/ 11 October 2023

‘We need honest answers to Joburg’s water crisis’

Water Crisis2 (1)
The South Hills tower system in Joburg is consistently under strain. (Delwyn Verasamy/M&G)

Civic groups have started an online petition demanding accountability from Johannesburg Water and Rand Water for the water crisis in the City of Johannesburg 

The Johannesburg Water Crisis Committee and WaterCAN’s petition seeks “honest answers” to the water crisis in the city. The appeal, which is addressed to the leadership of both entities, was started on Tuesday. 

Over the past year, the region has witnessed a “disturbing increase” in water challenges, marked by frequent shutdowns, load-shedding, water-shedding, “rampant” water leaks and now “water shifting”, it read. This crisis has left numerous communities without water for days, highlighting the urgent need for comprehensive solutions.

The petition describes how, in the “face of a rapidly escalating water crisis” and lack of engagement with affected communities, WaterCAN, an initiative of the Organisation Undoing Tax Abuse (Outa), together with local residents associations are “raising a clarion call” for “immediate action to address these challenges”.

To understand the situation better, they have requested urgent site visits of key reservoirs in the city that include community groups and organisations as well as experts proposed by civil society and the media. They are requesting implementation plans for “responding to changing consumption patterns” to ensure that citizens receive reliable water supply. 

The groups want Johannesburg Water and Rand Waters’ plans for comprehensive monitoring systems to “track water supply in real time” to each system and the output from each reservoir. They also call for the development of a shared advocacy campaign for “water-wise citizens”.

‘Immense strain’

On Tuesday, Logan Munsamy, Johannesburg Water’s senior networks manager, said that Rand Water had experienced bulk water supply interruptions between 24 August and 24 September, including power failures, increasing consumption, a severe thunderstorm and a burst pipe.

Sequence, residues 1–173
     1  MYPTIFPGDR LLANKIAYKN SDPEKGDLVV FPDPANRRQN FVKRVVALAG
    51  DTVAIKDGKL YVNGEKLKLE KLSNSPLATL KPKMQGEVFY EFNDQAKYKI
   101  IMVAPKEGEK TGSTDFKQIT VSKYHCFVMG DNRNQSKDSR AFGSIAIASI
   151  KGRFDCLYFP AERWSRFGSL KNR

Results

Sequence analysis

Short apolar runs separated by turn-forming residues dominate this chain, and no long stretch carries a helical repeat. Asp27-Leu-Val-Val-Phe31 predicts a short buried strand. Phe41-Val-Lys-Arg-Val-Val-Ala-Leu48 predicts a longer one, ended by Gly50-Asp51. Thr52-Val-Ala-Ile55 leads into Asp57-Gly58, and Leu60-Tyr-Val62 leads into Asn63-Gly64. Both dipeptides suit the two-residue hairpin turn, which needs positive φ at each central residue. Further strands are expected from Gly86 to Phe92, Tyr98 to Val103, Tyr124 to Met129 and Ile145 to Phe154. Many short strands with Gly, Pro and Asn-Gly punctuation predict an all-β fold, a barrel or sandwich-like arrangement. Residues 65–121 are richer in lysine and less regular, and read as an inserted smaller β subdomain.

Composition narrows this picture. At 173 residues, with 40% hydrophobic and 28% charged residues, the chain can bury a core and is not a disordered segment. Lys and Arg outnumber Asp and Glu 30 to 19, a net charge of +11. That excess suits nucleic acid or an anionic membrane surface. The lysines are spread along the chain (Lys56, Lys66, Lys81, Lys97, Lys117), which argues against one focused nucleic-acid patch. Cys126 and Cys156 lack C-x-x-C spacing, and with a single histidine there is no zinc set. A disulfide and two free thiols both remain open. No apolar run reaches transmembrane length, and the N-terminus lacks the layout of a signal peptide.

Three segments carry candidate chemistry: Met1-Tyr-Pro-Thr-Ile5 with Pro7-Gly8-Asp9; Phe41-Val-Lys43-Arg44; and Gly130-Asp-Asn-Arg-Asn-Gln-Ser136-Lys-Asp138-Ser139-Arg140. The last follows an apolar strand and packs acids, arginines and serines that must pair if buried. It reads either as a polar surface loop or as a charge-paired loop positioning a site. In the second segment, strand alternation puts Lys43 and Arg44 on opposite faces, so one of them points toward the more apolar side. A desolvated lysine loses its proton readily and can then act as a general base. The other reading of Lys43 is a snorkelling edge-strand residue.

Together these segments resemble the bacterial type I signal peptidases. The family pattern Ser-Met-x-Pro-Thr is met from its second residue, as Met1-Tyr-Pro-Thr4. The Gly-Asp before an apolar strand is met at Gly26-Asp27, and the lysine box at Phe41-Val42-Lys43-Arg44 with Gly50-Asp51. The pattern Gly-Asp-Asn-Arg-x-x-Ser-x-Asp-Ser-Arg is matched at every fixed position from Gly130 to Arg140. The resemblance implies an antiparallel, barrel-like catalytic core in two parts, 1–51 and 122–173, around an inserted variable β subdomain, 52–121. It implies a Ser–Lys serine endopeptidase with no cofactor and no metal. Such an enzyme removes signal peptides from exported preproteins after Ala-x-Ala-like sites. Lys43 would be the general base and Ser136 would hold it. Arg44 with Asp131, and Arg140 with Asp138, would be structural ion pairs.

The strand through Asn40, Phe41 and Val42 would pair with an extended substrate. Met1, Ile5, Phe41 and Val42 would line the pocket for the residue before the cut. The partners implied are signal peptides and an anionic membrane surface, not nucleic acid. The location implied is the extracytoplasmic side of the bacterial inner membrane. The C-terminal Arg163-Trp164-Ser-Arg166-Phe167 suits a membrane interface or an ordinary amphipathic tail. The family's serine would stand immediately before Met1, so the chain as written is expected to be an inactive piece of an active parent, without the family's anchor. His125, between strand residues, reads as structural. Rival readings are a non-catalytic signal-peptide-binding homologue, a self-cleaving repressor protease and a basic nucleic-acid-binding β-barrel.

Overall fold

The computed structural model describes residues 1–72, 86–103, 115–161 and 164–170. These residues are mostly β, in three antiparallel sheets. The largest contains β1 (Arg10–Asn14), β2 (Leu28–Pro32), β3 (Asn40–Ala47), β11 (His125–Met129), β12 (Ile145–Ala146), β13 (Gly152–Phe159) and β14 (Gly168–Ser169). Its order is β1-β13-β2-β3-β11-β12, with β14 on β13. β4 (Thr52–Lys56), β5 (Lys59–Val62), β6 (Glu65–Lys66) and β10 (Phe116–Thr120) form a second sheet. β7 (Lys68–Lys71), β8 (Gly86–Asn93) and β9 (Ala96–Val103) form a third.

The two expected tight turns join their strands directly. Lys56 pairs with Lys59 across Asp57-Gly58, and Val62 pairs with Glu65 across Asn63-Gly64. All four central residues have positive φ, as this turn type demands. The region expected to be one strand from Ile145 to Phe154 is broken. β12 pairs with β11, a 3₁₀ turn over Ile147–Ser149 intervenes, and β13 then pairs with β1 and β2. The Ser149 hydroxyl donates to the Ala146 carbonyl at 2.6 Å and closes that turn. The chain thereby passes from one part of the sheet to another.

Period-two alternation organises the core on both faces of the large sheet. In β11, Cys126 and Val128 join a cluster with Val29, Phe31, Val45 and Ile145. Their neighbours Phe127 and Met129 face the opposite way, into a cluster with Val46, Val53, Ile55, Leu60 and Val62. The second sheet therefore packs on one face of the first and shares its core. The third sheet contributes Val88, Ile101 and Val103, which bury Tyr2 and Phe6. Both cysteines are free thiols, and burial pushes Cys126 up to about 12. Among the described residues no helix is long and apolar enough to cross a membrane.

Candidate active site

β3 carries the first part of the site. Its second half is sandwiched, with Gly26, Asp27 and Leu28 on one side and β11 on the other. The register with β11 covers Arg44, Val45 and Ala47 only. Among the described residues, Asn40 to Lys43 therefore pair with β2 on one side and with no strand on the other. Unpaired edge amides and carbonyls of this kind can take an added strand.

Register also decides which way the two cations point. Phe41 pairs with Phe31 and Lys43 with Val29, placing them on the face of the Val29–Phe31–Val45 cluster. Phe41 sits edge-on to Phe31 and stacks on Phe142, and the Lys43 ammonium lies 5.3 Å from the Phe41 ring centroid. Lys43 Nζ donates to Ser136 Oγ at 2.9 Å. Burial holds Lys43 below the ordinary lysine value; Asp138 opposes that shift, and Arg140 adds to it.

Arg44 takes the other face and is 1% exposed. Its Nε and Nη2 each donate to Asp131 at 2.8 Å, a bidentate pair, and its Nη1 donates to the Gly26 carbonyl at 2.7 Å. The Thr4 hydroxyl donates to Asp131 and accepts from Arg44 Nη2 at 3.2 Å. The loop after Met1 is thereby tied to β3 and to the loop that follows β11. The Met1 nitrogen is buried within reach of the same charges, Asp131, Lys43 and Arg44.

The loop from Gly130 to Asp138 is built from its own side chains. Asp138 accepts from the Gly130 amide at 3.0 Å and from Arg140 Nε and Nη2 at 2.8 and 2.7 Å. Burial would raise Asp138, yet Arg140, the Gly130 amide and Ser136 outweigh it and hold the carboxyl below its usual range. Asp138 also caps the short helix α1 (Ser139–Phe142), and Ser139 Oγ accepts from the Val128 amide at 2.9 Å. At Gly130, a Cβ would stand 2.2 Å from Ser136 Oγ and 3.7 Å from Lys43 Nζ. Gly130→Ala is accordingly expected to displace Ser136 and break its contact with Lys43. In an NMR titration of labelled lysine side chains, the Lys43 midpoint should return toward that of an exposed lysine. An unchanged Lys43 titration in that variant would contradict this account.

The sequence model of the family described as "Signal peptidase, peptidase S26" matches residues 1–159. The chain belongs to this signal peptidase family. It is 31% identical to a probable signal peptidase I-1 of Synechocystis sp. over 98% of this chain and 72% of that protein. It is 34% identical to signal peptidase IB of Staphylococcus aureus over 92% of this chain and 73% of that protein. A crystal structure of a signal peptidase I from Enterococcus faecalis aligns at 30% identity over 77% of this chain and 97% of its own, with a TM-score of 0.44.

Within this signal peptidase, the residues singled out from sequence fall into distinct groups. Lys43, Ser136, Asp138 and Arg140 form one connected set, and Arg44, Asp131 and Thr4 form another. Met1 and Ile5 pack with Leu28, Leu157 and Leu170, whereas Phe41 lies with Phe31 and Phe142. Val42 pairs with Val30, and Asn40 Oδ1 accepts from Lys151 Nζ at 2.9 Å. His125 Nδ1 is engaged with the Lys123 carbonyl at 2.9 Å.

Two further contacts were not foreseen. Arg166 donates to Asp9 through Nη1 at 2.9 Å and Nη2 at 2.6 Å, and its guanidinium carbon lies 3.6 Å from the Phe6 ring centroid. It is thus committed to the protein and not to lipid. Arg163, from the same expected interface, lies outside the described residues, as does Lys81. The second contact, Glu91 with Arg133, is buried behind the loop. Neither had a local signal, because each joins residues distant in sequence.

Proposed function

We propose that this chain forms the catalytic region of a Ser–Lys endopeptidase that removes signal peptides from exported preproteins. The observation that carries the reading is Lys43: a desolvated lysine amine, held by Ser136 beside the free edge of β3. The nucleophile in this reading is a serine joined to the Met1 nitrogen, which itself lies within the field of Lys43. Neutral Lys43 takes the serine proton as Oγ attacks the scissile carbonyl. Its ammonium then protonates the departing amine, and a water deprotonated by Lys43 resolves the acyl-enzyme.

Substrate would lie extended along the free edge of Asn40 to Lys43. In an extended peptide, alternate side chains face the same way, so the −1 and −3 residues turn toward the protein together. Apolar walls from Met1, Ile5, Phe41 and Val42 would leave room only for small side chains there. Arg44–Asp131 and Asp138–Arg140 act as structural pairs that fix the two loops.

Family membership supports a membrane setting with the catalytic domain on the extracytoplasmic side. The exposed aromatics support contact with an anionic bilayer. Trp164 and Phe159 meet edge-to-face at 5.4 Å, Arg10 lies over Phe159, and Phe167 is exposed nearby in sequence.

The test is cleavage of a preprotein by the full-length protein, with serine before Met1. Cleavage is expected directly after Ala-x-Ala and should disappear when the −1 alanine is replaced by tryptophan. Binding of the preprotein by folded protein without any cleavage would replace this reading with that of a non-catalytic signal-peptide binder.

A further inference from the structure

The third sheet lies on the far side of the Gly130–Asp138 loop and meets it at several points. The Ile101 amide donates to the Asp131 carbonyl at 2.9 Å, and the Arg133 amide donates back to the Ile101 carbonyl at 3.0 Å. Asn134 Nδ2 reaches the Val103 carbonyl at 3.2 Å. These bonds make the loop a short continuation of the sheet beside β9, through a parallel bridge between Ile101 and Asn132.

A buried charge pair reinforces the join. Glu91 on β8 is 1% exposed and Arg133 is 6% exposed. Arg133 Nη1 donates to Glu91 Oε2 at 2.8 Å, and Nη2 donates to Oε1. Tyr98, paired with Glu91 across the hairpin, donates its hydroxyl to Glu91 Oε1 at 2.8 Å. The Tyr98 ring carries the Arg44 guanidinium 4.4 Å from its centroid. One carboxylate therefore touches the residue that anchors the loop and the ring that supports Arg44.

This had caused a prolonged recovery period of both the Rand Water and Johannesburg Water supply systems. High-lying zones were battling a protracted period of no water supply.

“Johannesburg Water systems that are still under immense strain include the South Hills tower and pumping station, Crown Gardens, Commando system [which constitutes the Brixton, Crosby and Hursthill reservoirs and towers] Naturena, Midrand system, Alexander Park as well as the Sandton/Illovo reservoir system,” he explained. 

Johannesburg Water is largely unable to pump and residents in these supply zones are receiving intermittent to no water supply.

Water supply systems are highly complex and take long to recover, he added. “They are not like electricity where you can trip a switch on a breaker and in seconds you get power … thus resulting in prolonged periods of no water supply to the residents of the affected areas.” 

There is uncertainty about when water to the affected areas will be fully restored. In the interim, Johannesburg Water has deployed 50 roaming water trucks and 56 water tankers. “While this may not replace potable water, this is how the entity is ensuring residents have a regular water supply.”

The utility is pumping water into the roof tanks of the Rahima Moosa Mother and Child Hospital to ensure the facility has adequate water supply while the Helen Joseph Hospital is being fed directly through the tower system.

Upward trajectory